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OF

ÉMINENT ARTISTS:

COMPRISING

Painters, Sculptors, Engravers, and Architects,

FROM THE EARLIEST AGES TO THE PRESENT TIME

INTERSPERSED WITH ORIGINAL ANECDOTES.

TO WHICH IS PREFIXED

AN INTRODUCTION,

CONTAINING

A BRIEF ACCOUNT OF VARIOUS SCHOOLS OF ART.

BY JOHN GOULD.

New Cdition.

IN TWO VOLUMES.-VOLUME II.

LONDON:

EFFINGHAM WILSON, ROYAL EXCHANGE;

WAUGH AND INNES, EDINBURGH; AND W. F. WAKEMAN, DUBLIN.

LONDON:

BRADBURY AND EVANS, PRINTERS, WHITEFRIARS,

(LATE T. DAVISON.)

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MAAN, or MAN (Cornelius), a Dutch painter, born at Delft in 1621, and died in 1706, aged 85. He was instructed in the rudiments of the art by an obscure painter, and having a strong inclination for travel, he went to Paris when he was very young, where he met with sufficient encouragement to supply him with the means of extending his journey to Italy, which was the ultimate object of his wishes. Arrived in the metropolis of art, he was indefatigable in his studies, and by the most assiduous application, during a residence of three years, he became an able and correct designer. He afterwards went to Venice, where the works of Titian, particularly his portraits, were the chief objects of his attention. He at length returned to Holland, after an absence of nine years, and established himself in his native city, where he distinguished himself as a painter of history and portraits, in the latter of which he particularly excelled. One of the most admired paintings at Delft is a large picture, by this artist, of the portraits of the most eminent medi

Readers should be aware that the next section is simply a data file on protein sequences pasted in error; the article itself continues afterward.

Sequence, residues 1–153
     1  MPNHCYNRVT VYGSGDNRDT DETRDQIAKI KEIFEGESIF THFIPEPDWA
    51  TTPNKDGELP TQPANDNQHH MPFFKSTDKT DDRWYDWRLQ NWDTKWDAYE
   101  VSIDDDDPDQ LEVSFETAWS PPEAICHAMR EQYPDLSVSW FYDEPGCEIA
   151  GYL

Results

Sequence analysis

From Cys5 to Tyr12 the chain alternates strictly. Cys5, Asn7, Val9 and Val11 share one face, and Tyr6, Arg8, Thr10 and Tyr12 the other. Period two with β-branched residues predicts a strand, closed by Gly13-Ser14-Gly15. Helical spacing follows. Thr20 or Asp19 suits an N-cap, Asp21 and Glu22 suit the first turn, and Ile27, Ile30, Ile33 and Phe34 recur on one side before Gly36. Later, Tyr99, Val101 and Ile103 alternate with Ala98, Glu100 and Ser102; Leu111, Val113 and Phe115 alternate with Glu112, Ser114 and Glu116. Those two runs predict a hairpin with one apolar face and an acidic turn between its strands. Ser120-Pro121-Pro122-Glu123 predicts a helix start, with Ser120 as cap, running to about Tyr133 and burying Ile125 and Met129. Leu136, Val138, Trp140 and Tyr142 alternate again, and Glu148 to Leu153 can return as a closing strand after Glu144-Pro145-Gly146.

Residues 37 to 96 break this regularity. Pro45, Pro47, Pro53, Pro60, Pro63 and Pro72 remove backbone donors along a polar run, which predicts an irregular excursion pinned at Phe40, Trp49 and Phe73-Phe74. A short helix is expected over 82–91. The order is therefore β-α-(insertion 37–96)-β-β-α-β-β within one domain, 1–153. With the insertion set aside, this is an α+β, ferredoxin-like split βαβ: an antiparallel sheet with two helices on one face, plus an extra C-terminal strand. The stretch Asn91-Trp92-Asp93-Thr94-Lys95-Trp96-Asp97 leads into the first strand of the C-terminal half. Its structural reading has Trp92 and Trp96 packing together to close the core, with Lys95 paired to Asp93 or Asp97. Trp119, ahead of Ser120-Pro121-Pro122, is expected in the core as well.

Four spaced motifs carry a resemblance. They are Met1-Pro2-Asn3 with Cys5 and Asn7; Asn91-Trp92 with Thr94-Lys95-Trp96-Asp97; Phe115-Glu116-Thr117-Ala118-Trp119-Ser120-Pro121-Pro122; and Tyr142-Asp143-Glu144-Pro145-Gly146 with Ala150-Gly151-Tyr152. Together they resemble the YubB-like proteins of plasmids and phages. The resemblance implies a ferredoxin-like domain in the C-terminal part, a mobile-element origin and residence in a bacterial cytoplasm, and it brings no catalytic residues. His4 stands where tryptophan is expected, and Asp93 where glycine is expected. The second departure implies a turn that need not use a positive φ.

M

cal characters of his time, painted for the hall of the surgeons, which has more of the attributes of the Venetian than the Dutch school.— Pilk.

and

MAAS (Dirk), a Dutch painter, born at Haerlem about 1656. was at first a disciple of Hendrick He Mommers, who commonly painted Italian markets, and particularly excelled in the still-life, which he introduced, such as roots, herbs, fruit, and plants. But, after some time spent in practising under that master, he disliked that manner, those kinds of subjects; and therefore placed himself as a disciple under Nicholas Berchem, the best artist of his time, and with whose style he was particularly delighted. It was thought he might have made considerable figure in the manner of Berchem, had not his attention to it been withdrawn by his seeing some of the works of Hugtenburgh, which inspired him with a desire to imitate him; and from that time he gave himself up entirely to paint battles, chases, and such processions as were attended with cavalcades of horse.

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